Out to Launch
ESPN launched "Opening Day," a TV spot celebrating the most wonderful time of the year: baseball season. I'm still a long-suffering Mets fan, but I know I'm not alone. Kevin Costner narrates the countdown to MLB's first game of the season, taking place March 31. "It's more presidential than president's day," says Costner, while past and current presidents throw out the ceremonial first pitch. Chase Utley drives past Phillie fanantics as he enters Citzens Bank Park, home of the Phillies. My favorite scene came from San Francisco Giants pitcher Brian Wilson, who delivers a scorching fastball engulfed in flames. See the ad here, created by Wieden+Kennedy New York.
Muscle Milk launched two outrageous TV ads starring Clay Matthews of the Green Bay Packers and Ryan Braun of the Milwaukee Brewers as guests on the fictitious "You, Your Awesome Body, and You, Show." The men learn how to cope with their spectacular bodies and attention from women, thanks to a crazy host who believes that drinking Muscle Milk, like the pair of highly conditioned athletes do, puts him on their playing level. A female doctor once asked Braun to strip for an eye exam, and the host relates to this odd request by lifting his shirt to reveal his average-looking chest. Watch it here. Matthews has large, NFL biceps. The host warns him that pairing Muscle Milk with big biceps makes women "wanna play on you, like a jungle gym." See it here. The spots are running on ESPN, ESPN2, Fuel, Fuse, G4 and MTV2. Pereira & O'Dell created the campaign, directed by Jim Hosking and edited by Arcade Edit.
I'm thrilled the mini giraffe came back, along with the Russian mogul in "Gym," an ad for DIRECTV. "Opulence," the first ad starring the mogul and mini giraffe, launched last August. See it here. The latest ad launched last Wednesday, starring actor Timothy V. Murphy as the wealthy Russian who's unafraid to spend money on pointless objects, like a gold treadmill for his mini-giraffe or a machine that works his biceps while he sits and relaxes. Fans of the TV show "Criminal Minds" will recognize Murphy as IRA hottie Ian Doyle, whose latest appearance coincided with the ad's launch. I wonder if the DirecTV ad ran during Murphy's "Criminal Minds" episode? Watch the ad here, created by Grey New York.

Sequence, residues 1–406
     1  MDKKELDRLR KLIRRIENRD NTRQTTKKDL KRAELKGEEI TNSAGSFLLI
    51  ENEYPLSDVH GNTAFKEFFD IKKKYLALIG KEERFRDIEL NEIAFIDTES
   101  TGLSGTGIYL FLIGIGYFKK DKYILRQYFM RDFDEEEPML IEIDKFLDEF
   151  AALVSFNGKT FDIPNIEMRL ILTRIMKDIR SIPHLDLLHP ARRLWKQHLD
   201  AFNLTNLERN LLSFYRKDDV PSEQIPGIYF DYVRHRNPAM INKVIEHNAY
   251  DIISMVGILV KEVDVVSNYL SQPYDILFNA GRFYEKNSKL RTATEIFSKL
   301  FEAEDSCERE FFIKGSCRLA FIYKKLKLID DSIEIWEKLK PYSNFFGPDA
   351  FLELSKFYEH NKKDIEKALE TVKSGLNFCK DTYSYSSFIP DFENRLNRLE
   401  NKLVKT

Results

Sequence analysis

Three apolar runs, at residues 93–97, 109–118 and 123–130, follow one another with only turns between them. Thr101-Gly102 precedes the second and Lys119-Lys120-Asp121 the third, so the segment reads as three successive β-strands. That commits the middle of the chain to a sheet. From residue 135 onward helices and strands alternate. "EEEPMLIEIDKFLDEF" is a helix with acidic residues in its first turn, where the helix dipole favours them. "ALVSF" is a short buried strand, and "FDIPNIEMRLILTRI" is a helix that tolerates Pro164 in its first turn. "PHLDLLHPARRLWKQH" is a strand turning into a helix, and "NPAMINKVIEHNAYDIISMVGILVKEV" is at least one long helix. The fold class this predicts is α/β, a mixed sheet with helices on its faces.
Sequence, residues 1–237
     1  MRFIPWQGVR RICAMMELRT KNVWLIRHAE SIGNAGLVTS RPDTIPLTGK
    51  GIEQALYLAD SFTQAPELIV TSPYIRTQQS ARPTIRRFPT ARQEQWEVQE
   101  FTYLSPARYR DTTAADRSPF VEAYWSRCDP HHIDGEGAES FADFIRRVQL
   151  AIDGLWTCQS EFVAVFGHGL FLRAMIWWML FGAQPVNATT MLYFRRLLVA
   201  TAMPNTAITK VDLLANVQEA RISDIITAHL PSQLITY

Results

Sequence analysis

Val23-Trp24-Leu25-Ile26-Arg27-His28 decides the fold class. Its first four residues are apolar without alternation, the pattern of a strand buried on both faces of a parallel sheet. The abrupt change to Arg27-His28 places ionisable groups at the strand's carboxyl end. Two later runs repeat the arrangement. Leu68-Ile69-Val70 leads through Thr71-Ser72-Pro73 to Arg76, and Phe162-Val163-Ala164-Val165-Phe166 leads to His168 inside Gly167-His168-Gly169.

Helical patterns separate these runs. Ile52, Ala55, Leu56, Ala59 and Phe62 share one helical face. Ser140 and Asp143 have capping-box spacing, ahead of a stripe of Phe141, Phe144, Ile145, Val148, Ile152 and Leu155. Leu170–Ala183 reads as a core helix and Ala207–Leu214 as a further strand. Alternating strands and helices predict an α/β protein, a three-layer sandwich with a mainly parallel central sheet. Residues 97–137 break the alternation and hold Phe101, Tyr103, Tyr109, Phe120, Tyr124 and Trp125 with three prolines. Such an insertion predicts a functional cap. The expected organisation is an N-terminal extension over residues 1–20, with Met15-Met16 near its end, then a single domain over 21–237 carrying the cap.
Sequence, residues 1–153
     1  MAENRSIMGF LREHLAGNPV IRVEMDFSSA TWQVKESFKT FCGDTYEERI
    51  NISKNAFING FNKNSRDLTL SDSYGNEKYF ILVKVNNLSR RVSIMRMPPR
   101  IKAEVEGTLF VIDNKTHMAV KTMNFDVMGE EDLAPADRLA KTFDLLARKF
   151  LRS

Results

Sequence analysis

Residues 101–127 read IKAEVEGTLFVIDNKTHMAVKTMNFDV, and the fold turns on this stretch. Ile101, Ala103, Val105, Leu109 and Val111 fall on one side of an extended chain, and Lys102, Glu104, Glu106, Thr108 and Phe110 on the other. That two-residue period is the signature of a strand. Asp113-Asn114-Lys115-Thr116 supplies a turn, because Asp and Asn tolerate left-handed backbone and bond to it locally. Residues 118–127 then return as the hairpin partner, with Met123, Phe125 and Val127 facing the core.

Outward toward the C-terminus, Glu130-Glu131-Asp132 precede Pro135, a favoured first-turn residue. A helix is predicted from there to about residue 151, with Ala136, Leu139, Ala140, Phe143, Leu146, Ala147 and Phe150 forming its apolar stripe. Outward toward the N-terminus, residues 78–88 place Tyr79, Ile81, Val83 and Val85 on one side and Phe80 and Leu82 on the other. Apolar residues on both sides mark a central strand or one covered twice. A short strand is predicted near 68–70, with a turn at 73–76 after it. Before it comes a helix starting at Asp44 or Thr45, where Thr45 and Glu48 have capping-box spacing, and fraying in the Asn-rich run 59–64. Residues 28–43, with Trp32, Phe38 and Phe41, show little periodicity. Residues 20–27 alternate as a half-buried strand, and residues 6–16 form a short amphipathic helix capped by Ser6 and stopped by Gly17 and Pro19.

The Truth anti-tobacco campaign asks viewers "Why Do They Make Tobacco Taste Sweet?" in its latest TV ad featuring former smokers riding a candy-themed float. "Unsweetened Candy" shows six real people suffering from tobacco-related disabilities singing and waving to pedestrians on a parade float driving through Hollywood. The ad illustrates the fact that smoking not only kills, but also leaves survivors with debilitating physical disabilities. In addition, the spot informs viewers that tobacco companies "can't sell candy-flavored cigarettes anymore, but they still sell other tobacco products in over 45 candy flavors." See the ad here. Arnold Worldwide created the ad, produced by Harvest Films and directed by Baker Smith.
Kelliher Samets Volk launched two TV ads for the Vermont Department of Health. Always go with your gut feeling. The ads target teens in an effort to prevent them from even starting to smoke. Teenagers play the role of lungs, a brain and stomach. Brain grows bored hanging around playing darts with his organ pals, so he decides to smoke, causing stomach to throw up his taco dinner. Watch "Taco" here. Brain lights up again in "Pickles," causing lungs to smell like an ashtray and stomach to smell like an ashtray and pickles. Go figure. See it here.
Nokia launched a global TV campaign for its Nokia E7 device that defines success as something that doesn't need to take place at a desk. One woman conducts her daily work on a boat, while a man uses his phone to get coordinates to climb a mountain and leave a message in a bottle. "Success has friends not contacts... Success is what you make of it," says copy in the ad, seen here. Wieden+Kennedy Amsterdam created the campaign.
A man grows multiple heads in "Tree," the latest spot for Samsung's Galaxy Tab. The spot shows the Tab's ease of use and compact size, making it easy to carry around. The spot launched during SXSWi and was conveniently timed to debut right around the Apple's release of the iPad 2. The ad is running on ABC, NBC, CBS, ESPN, MTV, and CNN. Watch the ad here, created by VIA.
Keeping with the SXSWi theme, FedEx turned its delivery truck into a food truck there, feeding attendees while illustrating its international shipping capabilities. I love everything about this initiative... especially the food. Every day, a different international meal was delivered, in packaging designed to mimic FedEx boxes. Napkins and cups also touted FedEx capabilities like its Print & Go service. See the truck and food here and here, created by BBDO New York.
Smart Canada created a clever campaign to illustrate its smart fortwo coupe's smallest turning radius. The company placed decals of the car on cement trucks. Each rotation of the cement drums equated one rotation of the smart fortwo coupe. Pretty neat stuff. The branded trucks drove along construction sites and passed through high-trafficked areas of the city. See pictures of a truck here and here, created by Proximity Canada and BBDO Toronto.
Random iPhone App of the week: Interested in barefoot running but not sure where to begin? Merrell wants to ease you into minimalist running with a free app that educates users on taking the plunge, along with promoting the brand's barefoot running shoes. The app gives runners tips on proper running form, body alignment and barefoot walking, apparently the easiest way to begin using minimalist running shoes. The application also hosts a Merrell Barefoot iTunes mix, based on the 180 beat-per-minute rhythm of a natural running stride. I can't wait to see what songs match running strides. Download it in the App Store.